11. The fertile transgenic plant of claim 9, wherein the plant is selected from the group consisting of corn, soybean, sunflower, sorghum, alfalfa, wheat, rice and cotton.
12. A vector comprising a DNA molecule of claim 1.
1. Field of the Invention
This invention relates generally to mechanisms of gene expression in plants and more specifically to regulation of expression of genes in plants in a "tissue-preferred" manner. Regulation of expression is achieved using a transcriptional regulatory unit capable of driving expression of genes within certain tissues of a plant. Said transcriptional regulatory unit will ultimately be utilized for driving expression of genes that confer a selective advantage to a plant.
2. Description of the Related Art
Transcriptional control elements that drive "tissue-general" or "constitutive" gene expression in plants have been described. Examples include the promoters of the Agrobacterium nopaline synthase gene (Depicker, et al. 1982) and the maize ubiquitin gene (Christensen, et al. 1992). These promoters have been well characterized and utilized for driving gene expression in transgenic plants [e.g., CaMV 35S (Odell et al. 1985)]. There exists both an increasing interest in co-transforming plants with multiple plant transcription units and a realization of several potential problems associated with this technique. Concerns associated with the utilization of common regulatory sequences to drive expression of multiple genes include, but are not restricted to: a) recombination resulting from pairing along homologous regions, cross-overs and loss of the intervening region either prior to (in the case of a plasmid) or post-integration; b) hairpin loops caused by two copies of the sequence in opposite orientation adjacent to each other, again with possibilities of excision and loss of these regulatory regions; c) competition among different copies of the same promoter region for binding of promoter-specific transcription factors or other regulatory DNA-binding proteins; d) the relative strengths of expression of different promoters either within or between species, wherein one promoter may provide optimum levels of expression for one gene in a certain cell type or species, but may be either too strong or too weak for providing the required level of expression of a different gene in a certain cell type or species.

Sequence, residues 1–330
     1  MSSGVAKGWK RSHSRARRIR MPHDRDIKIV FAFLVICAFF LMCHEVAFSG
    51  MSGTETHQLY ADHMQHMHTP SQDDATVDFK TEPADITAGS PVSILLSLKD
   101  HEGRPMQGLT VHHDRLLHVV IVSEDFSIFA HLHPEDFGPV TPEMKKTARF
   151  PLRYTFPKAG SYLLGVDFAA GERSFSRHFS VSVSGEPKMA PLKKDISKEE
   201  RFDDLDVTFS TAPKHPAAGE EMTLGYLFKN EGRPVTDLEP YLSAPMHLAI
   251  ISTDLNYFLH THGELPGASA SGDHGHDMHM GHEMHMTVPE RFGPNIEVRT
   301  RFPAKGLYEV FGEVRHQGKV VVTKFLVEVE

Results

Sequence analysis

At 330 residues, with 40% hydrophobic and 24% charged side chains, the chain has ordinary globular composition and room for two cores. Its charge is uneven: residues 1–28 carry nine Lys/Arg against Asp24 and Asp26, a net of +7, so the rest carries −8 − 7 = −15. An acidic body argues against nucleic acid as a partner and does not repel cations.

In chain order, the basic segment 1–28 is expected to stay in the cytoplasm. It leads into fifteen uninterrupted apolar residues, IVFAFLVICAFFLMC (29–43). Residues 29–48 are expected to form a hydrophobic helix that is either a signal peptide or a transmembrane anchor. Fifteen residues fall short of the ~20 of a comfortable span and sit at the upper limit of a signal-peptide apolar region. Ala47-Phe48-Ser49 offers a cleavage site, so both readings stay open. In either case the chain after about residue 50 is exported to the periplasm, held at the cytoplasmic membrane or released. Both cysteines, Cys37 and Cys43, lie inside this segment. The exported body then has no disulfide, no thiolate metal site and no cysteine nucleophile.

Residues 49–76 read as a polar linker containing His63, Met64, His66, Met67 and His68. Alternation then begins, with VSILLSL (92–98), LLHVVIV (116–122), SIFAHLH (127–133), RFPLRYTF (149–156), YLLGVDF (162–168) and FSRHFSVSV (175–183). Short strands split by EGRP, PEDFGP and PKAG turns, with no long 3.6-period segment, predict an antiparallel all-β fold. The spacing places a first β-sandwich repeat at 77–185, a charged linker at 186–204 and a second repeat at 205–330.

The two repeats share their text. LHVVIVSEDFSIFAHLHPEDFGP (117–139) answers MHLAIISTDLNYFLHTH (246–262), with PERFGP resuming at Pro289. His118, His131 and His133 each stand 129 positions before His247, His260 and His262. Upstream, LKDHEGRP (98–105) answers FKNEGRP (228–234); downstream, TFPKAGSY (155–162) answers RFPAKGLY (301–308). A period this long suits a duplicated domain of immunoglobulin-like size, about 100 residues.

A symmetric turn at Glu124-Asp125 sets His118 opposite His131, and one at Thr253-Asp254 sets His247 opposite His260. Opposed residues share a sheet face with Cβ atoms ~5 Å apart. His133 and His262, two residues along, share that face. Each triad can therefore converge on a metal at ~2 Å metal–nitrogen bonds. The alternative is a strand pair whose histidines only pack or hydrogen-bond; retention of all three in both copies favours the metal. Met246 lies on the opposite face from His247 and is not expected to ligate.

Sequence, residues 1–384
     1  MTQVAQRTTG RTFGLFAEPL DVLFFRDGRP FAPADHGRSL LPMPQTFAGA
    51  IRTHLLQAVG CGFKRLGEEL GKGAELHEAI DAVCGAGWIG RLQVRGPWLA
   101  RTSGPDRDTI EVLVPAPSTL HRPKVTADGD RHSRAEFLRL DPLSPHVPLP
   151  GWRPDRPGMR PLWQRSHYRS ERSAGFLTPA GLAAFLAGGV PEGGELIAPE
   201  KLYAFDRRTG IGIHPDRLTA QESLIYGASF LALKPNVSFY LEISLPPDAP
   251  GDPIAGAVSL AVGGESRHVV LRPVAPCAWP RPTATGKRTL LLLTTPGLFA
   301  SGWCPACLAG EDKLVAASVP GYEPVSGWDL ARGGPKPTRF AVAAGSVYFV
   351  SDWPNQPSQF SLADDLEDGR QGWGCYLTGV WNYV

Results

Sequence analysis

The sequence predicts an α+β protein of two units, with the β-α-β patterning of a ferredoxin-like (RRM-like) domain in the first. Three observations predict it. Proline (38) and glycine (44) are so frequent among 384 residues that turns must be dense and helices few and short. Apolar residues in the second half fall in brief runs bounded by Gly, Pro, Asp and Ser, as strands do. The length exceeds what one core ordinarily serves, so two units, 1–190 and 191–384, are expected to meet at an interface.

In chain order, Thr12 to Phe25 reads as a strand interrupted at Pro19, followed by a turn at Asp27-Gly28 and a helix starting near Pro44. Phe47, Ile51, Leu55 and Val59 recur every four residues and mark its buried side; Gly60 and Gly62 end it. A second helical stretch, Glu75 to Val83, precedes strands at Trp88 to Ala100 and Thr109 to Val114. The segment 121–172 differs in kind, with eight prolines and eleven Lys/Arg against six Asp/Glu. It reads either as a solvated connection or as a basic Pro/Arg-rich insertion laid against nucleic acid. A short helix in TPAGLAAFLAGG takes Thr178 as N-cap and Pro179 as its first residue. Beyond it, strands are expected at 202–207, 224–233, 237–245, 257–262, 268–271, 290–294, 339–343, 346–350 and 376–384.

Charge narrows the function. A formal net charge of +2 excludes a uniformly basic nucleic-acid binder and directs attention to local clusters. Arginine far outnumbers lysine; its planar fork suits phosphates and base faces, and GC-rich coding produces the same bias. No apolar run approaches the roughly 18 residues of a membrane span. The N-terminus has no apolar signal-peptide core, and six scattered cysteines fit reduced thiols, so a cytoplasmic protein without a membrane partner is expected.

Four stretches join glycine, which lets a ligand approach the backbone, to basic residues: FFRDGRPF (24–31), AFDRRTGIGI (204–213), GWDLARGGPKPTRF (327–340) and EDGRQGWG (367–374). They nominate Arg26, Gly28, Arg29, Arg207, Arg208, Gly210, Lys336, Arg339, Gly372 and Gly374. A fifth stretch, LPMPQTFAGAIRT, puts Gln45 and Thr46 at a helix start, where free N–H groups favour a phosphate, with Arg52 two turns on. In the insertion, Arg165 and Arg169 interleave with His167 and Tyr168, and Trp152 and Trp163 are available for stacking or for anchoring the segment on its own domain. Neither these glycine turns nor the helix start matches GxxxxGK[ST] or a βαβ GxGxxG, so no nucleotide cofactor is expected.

As part of our efforts to provide mechanisms for regulating the expression of genes that will ultimately be used for control of insect pests, primarily Ostrinia nubilalis, the European corn borer (ECB), we have been isolating and/or characterizing clones that exhibit intermediate to strong expression in the tissues that ECB primarily feeds on or tunnels through during its life cycle; these tissues include leaves, the leaf collar, the stalk rind and pith, and in the case of second generation ECB, pollen (Showers et al., 1989). While constitutive or "non-tissue-preferred" promoters have been demonstrated to be effective for this purpose such as the CAMV 35S promoter driving the Bacillus thuringiensis cryIA(b) gene provided effective ECB control in the field (Koziel et al., 1993), there are several advantages to utilizing promoters that function in a tissue-preferred manner. These include reduced resource drain on the plant in making a gene product constitutively, as well as localization or compartmentalization of gene expression in cases where the gene product must to be restricted to, or from, a certain tissue(s). Said gene products may include general cellular inhibitors such as RNases or other cytotoxins. As an example, Mariani, et al (Nature 347:737, 1990) engineered vectors that exhibited anther-specific gene expression of suc inhibitor genes for use in male sterility systems, since expression in regions other that the anther in a plant would be toxic. As an example of tissue-preferred expression, Koziel et al. (1993) utilized a combination of the maize PEP carboxylase promoter and a pollen promoter each driving cryIA (b) expression in separate constructs resulting in the generation of ECB-tolerant corn plants.